France in NATO - An evolving Gaullian agenda
- NDC Research Paper 26: France in NATO - An evolving Gaullian agenda, by Christelle Calmels
On November 7, 2019, French President Emmanuel Macron declared to The Economist: “To my mind, what we are currently experiencing is the brain death of NATO. We have to be lucid”.1 Macron’s lament regarding NATO’s loss of political and strategic purpose occurred against the backdrop of a crisis of multilateralism, one fuelled by national governments’ growing discontent and disinvestment from international organisations. This precarious situation deteriorated further with the outbreak of a worldwide pandemic, which revealed the difficulties international organisations face when coping with global crises.
In early 2022, the situation had not improved. While the health crisis remains ongoing, multilateralism is today bogged down by new and lingering challenges. The chaotic US withdrawal from Afghanistan in August 2021 and the Taliban’s subsequent return to power in Kabul have exacerbated the bitter failure of NATO’s out of area ventures. The September 2021 Australia-UK-US (AUKUS) submarine deal has also shaken the transatlantic bond, undermining Franco-American relations just as Western Allies seek to reconfigure their Indo-Pacific strategies.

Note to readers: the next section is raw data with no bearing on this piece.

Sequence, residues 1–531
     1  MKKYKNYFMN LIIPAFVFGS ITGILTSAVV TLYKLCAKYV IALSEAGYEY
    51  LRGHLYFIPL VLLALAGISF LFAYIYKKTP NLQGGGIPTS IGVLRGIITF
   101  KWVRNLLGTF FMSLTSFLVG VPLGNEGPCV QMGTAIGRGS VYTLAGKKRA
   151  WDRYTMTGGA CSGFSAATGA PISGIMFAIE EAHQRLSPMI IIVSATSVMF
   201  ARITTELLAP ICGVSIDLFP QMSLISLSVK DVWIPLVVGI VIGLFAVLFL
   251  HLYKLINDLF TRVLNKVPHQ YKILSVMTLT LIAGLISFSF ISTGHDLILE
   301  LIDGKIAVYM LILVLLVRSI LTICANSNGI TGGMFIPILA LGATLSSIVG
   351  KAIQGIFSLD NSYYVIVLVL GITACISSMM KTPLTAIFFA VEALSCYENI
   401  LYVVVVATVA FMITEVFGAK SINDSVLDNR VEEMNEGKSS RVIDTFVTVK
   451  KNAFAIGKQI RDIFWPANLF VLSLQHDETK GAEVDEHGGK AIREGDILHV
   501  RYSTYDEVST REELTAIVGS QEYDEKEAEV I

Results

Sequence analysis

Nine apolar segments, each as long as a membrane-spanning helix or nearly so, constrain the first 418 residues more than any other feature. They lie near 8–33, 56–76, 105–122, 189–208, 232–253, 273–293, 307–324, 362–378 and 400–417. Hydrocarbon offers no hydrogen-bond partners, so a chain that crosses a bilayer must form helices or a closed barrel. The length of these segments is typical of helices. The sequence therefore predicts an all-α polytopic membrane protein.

The current international environment demonstrates that multilateralism and the inner workings of international organisations are far from irrelevant. Now more than ever, scholars and experts must investigate the decision-making processes that characterise international organisations and the behaviours of their member states. Doing so would enable a better understanding of collective answers to the issues that emerge within the evolving international security environment.
In that regard, the case of France is an appropriate entry point considering its global clout and multilateral activism. While critical of some international organisations, France remains a vocal proponent of multilateralism, having called for an “alliance for multilateralism” that defends “a multilateral order based on respect for international law”.2 With the implementation of Brexit, moreover, France now benefits from a unique position in the international system: it is the only state to possess a permanent seat in the United Nations Security Council (UNSC) and enjoy membership within both the European Union (EU) and NATO.
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* (back) The author would like to thank Dr. Amelie Zima, Dr. Thierry Tardy, Mr. Thomas Fraise and Mr. Pierre de Dreuzy for their thoughtful comments on earlier drafts of this paper.
1 (back) “Emmanuel Macron warns Europe: NATO is becoming brain-dead”, The Economist, 7 November 2019.
2 (back) “L’Alliance pour le multilatéralisme”, France Diplomatie, last updated in November 2020.